Solar Darkness

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Aithein (KARL RECORDS KR023) is a fine record of guitar art-rock excess played by Oren Ambarchi with two Italian musicians joining in, namely Stefano Pilia and Massimo Pupillo. I see we noted guitarist Stefano Pilia in 2005 with his album for Last Visible Dog, Healing Memories… And Other Scattering Times, realised with the help of Valerio Tricoli. “Long-form instrumental…shapeless drones”, was how I recall it, but there was also warmth and sincerity to his work, plus he seems to have improved his technique considerably in 11 years, and his guitar work makes a good complement to Oren’s playing here. Pilio has also made some headway playing and touring with Andrea Belfi and David Grubbs in another art-music trio. Massimo Pupillo is the bass player in Zu, an Italian trio who blended jazz moves with math-rock in some way, and I don’t think we heard them since 2005 either, and the album The Way Of The Animal Powers on Public Guilt. Well, so much for the good old days.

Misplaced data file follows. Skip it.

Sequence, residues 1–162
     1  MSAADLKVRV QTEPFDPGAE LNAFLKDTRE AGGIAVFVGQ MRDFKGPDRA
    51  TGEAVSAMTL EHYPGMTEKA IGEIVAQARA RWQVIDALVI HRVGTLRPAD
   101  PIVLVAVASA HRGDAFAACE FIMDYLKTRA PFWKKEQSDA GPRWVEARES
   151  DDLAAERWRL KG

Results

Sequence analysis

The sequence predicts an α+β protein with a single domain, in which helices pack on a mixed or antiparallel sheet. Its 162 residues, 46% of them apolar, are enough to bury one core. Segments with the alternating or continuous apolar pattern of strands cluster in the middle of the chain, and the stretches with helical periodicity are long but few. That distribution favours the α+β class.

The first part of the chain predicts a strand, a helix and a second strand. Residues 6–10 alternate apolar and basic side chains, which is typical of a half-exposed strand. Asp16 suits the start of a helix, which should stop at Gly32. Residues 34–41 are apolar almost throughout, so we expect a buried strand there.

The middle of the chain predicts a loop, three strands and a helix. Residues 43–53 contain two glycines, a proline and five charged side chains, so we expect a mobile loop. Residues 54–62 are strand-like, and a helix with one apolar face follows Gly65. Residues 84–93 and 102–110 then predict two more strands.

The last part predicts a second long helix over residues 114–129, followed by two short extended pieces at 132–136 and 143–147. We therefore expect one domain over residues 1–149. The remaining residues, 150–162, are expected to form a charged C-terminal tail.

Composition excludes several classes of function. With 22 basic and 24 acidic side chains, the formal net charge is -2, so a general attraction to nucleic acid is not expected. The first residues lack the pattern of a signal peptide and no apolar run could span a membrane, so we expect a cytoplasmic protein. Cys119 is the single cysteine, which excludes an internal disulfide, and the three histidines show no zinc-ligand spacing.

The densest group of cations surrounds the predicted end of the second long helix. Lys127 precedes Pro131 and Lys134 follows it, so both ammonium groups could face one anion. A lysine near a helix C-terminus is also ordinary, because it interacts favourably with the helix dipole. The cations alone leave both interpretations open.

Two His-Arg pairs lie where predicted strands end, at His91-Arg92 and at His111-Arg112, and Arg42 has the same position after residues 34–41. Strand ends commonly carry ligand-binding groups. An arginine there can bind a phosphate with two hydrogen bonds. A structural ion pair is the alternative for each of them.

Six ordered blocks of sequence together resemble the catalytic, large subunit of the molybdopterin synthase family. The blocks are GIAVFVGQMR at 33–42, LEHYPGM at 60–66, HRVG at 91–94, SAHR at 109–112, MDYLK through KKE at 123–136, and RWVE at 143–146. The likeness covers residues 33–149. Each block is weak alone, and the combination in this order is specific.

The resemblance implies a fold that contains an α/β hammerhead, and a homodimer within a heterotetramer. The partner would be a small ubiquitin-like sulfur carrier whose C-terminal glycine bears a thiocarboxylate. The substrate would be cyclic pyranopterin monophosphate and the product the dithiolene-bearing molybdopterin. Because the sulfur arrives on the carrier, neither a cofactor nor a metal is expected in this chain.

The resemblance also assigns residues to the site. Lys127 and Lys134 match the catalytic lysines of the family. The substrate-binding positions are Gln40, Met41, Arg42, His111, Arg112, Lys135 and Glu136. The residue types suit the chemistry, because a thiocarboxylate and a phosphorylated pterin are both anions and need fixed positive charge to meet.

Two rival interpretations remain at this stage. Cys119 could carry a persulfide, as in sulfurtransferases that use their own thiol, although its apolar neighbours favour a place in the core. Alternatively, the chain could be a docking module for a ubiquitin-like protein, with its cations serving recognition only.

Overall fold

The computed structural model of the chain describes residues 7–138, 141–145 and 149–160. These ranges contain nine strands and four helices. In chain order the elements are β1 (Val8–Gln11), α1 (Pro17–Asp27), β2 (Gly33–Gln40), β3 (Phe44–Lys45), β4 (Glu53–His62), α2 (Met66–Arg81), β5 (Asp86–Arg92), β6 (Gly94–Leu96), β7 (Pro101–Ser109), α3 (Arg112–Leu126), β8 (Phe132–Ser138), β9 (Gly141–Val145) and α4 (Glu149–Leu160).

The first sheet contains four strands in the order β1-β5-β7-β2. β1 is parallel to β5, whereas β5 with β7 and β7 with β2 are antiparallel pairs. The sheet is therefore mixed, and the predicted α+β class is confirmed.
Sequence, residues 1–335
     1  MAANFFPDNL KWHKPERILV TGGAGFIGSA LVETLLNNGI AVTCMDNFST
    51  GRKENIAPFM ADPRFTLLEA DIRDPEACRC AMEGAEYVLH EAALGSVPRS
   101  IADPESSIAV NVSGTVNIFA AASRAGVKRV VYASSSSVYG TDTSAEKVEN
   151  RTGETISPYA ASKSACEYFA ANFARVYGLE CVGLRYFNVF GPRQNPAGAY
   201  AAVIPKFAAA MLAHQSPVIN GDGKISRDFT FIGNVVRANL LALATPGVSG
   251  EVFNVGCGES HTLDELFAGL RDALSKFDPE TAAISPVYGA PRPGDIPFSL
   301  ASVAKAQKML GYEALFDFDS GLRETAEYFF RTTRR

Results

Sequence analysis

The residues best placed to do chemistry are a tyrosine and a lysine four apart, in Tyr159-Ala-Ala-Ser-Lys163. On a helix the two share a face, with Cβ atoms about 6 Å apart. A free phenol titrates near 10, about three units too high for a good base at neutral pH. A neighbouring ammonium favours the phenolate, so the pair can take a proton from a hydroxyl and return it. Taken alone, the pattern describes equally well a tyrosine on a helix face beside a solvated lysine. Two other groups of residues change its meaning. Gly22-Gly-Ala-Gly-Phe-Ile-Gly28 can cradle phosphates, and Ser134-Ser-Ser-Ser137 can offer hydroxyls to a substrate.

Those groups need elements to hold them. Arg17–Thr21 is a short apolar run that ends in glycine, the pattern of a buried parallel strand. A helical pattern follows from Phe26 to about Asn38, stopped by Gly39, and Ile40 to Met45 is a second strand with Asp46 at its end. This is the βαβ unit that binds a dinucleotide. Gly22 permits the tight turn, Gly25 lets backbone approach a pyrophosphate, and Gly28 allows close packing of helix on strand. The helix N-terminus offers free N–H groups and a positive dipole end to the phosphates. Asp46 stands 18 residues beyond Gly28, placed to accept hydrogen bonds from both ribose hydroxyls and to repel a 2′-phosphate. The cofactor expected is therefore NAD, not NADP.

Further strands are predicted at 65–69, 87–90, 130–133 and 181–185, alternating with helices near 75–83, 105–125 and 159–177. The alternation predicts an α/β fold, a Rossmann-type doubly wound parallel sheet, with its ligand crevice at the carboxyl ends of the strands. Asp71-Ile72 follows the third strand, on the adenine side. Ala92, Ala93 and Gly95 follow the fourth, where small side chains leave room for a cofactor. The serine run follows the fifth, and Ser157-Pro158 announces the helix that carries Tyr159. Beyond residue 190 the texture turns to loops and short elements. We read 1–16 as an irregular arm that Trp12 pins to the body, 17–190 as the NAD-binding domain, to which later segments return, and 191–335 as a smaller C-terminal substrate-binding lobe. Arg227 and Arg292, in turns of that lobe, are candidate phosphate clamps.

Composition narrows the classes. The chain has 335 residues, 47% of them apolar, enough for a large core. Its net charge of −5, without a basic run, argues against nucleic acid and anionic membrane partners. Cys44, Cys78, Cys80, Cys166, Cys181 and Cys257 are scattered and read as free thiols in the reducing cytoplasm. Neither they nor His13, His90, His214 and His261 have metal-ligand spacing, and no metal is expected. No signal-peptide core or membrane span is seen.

Oren Ambarchi has over time been growing and developing his unique approach to playing extended instrumentals, a trend which could be seen on 2012’s Audience Of One and Sagittarian Domain from 2013. I’m not sure what it means, or how to characterise it. I can’t give it a name. It feels quite composed, because it’s structured to some degree; it allows for improvisation, like jazz; and yet there’s always a strong beat in it somewhere, so it never departs very far from rock music. You could say Oren is trying to have his triple-layer cake and eat it, with extra helpings of cream and sugar. Maybe it also reflects on his wide-ranging musical appetites; we all like so many types of music now, mainly because there’s so much of it available. But I’d like to think Oren is not only doing something quite original, he’s taking his time to evolve it thoroughly, and naturally; it’s a learning process, other collaborators are involved (even though he can produce similar results in a studio by playing all the instruments himself), and it’s not some novelty act or a flash in the pan that’s built on sand (insert other dreary cliché of your choice here; I’m looking for trite, commonplace phrases that suggest transience or impermanence).